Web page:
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Giant-sized mushroom found in southern Oregon

RUCH, Ore. - Larry Belau's humongous morel mushroom has tongues wagging in the Jackson County hamlet of Ruch.

Standing 12 inches tall, measuring 14 inches around and weighing nearly a pound, it sits in the ice cream case at Aunty Pasta's restaurant.

Mushroom hunters and ordinary folks have been coming in for a look.

Belau found it last weekend.

Catherine Johnson owns the restaurant. She says some people take pictures of it and others just "oogle it."

Wildflowers were on Belau's mind when he headed into the woods. The 56-year-old said finding the mushroom was a fluke.

Mushroom experts like Gordon Larum say morels of that scale are rare, but not unheard of.

Larum says they would probably be more common if people didn't harvest them so ferociously.

(Copyright 2005 by The Associated Press. All Rights Reserved.)

Mushroom harvesters strike

CRESCENT JUNCTION, Ore. -- Matsutake mushrooms were a fast fortune once for the many Southeast Asian immigrants who prowled the pine forests of the Oregon Cascades for the beige-white fungi.  In the early 1990's the price went crazy, at times topping $500 a pound for sale fresh to a voracious market in Japan.

That didn't last, but in early September, when the pickers moved into the camps for the two-month season, the price was still $28 a pound for top grade matsutakes.

Then the bottom dropped out -- to $18 a pound, to $8, to $4, then to $3.

Last Sunday, the pickers made an unprecedented move: They sold their mushrooms at the low price and went on strike, crusading for $15 a pound for top grade matsutakes.

Instead it got worse. By Thursday night, the price was $2 a pound.

Monster mushroom found in field

A giant mushroom measuring four times the size of a football has been found by a couple in Aberdeenshire.

The unusual find, discovered growing in a field, measures 3ft long and weighs about 9kg.

Scientists have identified the mushroom as a gigantic puff-ball (Calvatia Gigantea), a variety of the fungi rarely found in Scotland.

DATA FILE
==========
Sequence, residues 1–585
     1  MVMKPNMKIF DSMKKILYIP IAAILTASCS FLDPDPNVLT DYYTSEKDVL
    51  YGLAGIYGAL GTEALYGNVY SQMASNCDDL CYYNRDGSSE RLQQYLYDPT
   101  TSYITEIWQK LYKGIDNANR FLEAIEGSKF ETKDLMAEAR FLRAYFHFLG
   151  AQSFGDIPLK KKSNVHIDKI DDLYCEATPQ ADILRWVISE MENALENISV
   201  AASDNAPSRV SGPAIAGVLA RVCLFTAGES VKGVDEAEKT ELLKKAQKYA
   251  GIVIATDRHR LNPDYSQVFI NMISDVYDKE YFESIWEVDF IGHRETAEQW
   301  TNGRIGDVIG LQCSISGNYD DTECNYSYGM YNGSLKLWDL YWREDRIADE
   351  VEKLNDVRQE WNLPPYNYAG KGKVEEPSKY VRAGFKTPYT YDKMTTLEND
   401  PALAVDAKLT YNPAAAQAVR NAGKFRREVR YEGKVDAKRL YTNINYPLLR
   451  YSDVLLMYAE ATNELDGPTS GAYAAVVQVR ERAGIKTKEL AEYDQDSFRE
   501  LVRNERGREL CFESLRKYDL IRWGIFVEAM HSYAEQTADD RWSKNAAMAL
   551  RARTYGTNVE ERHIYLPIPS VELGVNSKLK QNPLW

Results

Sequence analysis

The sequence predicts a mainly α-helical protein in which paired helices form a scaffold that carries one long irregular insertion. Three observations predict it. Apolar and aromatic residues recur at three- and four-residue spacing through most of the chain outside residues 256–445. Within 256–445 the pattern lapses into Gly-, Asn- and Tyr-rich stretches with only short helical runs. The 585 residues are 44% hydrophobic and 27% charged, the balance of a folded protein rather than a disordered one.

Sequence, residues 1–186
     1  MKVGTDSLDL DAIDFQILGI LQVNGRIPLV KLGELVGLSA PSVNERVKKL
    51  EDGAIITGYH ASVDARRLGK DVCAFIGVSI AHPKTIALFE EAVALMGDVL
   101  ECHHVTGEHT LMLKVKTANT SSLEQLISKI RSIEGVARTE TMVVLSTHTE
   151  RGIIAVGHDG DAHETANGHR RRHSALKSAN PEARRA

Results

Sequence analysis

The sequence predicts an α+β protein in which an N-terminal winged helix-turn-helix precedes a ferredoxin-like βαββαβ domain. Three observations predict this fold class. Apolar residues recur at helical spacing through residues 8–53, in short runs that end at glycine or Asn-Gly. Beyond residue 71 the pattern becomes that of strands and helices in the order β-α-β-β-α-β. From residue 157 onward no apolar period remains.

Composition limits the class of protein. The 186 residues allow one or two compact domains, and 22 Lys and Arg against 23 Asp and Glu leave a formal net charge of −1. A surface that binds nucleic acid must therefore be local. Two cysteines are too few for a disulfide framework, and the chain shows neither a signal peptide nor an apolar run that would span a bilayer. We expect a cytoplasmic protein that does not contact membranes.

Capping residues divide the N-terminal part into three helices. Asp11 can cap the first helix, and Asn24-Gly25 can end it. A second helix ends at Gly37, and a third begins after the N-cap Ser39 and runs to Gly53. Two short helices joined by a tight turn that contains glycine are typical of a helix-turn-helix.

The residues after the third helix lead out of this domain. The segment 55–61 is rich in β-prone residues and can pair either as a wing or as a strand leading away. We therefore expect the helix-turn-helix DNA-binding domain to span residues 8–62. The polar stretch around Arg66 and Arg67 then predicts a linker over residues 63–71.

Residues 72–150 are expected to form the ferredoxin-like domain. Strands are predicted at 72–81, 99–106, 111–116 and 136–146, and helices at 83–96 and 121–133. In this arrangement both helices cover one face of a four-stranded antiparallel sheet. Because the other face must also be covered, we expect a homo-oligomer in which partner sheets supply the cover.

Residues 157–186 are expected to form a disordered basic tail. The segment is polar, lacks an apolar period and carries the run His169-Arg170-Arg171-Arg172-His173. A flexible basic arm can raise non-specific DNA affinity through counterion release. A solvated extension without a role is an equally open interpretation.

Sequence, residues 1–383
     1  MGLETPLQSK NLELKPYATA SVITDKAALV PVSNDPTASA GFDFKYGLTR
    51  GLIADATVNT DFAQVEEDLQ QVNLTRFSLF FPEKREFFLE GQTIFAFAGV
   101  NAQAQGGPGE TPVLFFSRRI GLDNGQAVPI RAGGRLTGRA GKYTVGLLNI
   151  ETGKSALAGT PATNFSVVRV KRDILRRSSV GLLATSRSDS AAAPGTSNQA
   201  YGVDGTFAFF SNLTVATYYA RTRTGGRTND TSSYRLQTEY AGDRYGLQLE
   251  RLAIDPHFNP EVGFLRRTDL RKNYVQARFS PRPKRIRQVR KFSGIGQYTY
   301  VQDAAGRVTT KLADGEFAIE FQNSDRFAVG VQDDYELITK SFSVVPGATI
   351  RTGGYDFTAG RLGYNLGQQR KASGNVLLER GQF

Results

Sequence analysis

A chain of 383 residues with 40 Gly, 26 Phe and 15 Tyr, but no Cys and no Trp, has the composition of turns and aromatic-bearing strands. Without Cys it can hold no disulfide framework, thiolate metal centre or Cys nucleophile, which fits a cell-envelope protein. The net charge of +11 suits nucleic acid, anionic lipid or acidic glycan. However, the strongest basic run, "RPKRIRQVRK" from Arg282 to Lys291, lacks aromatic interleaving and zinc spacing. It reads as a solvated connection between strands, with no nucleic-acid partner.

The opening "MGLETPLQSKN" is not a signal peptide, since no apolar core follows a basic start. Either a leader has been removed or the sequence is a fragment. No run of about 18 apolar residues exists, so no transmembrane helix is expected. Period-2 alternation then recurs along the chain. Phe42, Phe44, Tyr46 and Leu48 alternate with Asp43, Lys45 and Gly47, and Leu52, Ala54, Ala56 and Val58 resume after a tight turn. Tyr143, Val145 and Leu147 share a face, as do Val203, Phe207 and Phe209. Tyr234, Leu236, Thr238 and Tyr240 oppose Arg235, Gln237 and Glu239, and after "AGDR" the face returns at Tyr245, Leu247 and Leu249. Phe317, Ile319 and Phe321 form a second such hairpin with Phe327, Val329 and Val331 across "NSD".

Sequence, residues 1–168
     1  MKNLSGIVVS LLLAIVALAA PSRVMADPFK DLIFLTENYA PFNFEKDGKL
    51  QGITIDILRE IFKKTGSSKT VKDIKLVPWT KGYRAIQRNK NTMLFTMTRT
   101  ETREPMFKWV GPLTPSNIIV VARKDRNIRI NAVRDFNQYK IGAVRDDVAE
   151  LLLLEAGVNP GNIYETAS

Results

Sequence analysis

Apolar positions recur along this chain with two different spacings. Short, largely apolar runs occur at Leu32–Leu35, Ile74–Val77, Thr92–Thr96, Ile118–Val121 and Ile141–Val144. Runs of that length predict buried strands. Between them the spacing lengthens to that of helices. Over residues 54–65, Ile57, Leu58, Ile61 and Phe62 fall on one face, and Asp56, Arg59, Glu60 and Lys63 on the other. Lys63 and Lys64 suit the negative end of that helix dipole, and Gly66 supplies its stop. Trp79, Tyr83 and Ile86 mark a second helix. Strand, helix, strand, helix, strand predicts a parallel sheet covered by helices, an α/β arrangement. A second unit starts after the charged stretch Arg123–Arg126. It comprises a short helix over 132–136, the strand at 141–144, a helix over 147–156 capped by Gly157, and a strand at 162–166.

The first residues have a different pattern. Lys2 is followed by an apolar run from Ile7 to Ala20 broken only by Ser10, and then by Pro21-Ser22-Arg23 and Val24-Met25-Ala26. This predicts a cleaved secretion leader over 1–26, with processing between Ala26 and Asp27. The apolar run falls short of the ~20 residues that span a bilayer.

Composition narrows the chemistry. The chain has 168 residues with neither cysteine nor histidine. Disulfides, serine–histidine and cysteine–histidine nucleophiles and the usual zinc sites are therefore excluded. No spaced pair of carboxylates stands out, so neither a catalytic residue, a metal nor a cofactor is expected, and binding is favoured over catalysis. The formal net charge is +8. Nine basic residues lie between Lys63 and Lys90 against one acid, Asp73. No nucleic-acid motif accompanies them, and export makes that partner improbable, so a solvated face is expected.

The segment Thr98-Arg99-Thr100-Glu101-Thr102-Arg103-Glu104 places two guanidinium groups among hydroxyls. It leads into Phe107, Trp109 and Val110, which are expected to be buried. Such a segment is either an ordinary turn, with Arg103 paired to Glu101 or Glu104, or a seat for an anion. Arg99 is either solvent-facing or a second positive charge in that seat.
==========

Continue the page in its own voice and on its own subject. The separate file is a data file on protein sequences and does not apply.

Ian Wakley, who found the mushroom, said he wanted to eat it but his wife Judith would not let him.

He said: "At first I thought it was a giant football.

"I wanted to take it home, fry it in butter and eat it, but my wife thought differently.

"It is huge - at least three or four times the size of a football."

Experiment Station Researchers to Explore Genome of Disease-Fighting Fungus

A team of Texas Agricultural Experiment Station scientists will soon begin genome sequencing a disease-fighting fungus used to protect crops, which has implications for both agriculture and the pharmaceutical industry.

The fungus, Trichoderma virens, is used to protect field crops from various plant diseases. Researchers say the genome sequencing work may uncover chemical compounds and beneficial genes useful in producing new human and animal antibiotics..........

The sequencing project is a collaborative effort with the Department of Energy Joint Genome Institute. Experiment Station plant pathologists are Drs. Charles M. Kenerley, Daniel J. Ebbole, Heather H. Wilkinson and Michael Thon. Also working on the project is Dr. Alfredo Herrera-Estrella, from the Center for Research and Advanced Studies in Mexico.

"There's both pharmaceutical and agricultural implications," said Kenerley, who is the lead researcher on the project. "We're going to get a view of all of the genes that might be responsible for producing antibiotics and potentially discover novel antibiotics used in therapy for humans or animals.

"We know some of the genes responsible for known antibiotics, however, there are additional genes in Trichoderma responsible for producing uncharacterized compounds that might be novel antibiotics."

That fungus among us is good for more than just eating

A visionary biologist says mushrooms are potent antiviral and antibacterial agents, as well as key boosters to the human immune system. They also might end up saving the earth. To lots of folks, a middle-aged man who says mushrooms can save the world falls into the category of turbo-freak. But to some environmentalists, scientists and major investors, Paul Stamets is the trippiest of profitable kings.

"Mushrooms restore health both on the personal and ecological level," says Stamets, a mycologist and owner of Fungi Perfecti, a family-owned mushroom business in Shelton, Wash. "Mushrooms can heal people and the planet."

Stamets, a former logger turned scanning electron microscopist, is bent on showing that fungal mycelium and mushrooms (the actual mushroom is the fruit of the mycelium) could be the cornerstone to several earth-friendly, multibillion dollar industries. To him, there's no end to what spores can do.

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